LETTER: Canada sets education standard
South Africans did not struggle for a society consisting of a privately educated African elite — and then the rest
I could not disagree more strongly with Jeffrey Mothuloe regarding his plea for quotas at private schools for “gifted African children” (“Visionary economic policy lacking”, November 19).
The writer uses a few examples of Western countries to support his point. It is a pity he didn’t look at Canada as an example of a quality basic education provided to all citizens. Private schools are almost nonexistent in that country, which has been picked every year by the UN as an example of how governments should look after their citizens’ welfare. Canadian students are always up there with the best.
The writer makes exclusively an argument for “gifted African children”. No sir, this is not what we signed up for in 1994. South Africans did not struggle for a society consisting of an African elite and then the rest. State capture and the theft of hundreds of billion of rand were committed almost exclusively by this African elite.
What the writer forgets is that until our debt repayments caught up with us, education received the biggest slice of our budget. The critical question is, for what? In almost every international test, educational results have gone backwards over the past decade. Meanwhile, principals are earning R1m a year to oversee mostly dysfunctional schools, while new teachers now start with a salary equivalent of what principals earned just more than 10 years ago.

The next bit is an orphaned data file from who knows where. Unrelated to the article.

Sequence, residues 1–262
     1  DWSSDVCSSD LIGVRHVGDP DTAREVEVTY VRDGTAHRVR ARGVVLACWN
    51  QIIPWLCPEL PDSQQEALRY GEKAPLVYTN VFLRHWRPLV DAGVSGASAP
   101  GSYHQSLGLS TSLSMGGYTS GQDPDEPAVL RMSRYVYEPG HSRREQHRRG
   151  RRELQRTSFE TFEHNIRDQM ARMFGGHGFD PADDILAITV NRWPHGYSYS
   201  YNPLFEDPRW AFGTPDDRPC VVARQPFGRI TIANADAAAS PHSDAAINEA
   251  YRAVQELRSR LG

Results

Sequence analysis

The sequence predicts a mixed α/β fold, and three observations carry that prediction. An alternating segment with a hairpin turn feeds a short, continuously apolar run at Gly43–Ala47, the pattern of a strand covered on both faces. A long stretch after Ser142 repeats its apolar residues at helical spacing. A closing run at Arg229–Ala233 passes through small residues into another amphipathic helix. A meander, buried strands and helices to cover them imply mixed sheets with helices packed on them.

Jacob Zuma and Angie Motshekga thought throwing taxpayer money at our educational crisis would solve it. What is next? Asking Comair for free flights when SAA collapses, independent power producers for free electricity because Eskom left us in the dark, or that private hospitals must accept the poor for free because in state hospitals you are chained and sworn at like a prisoner?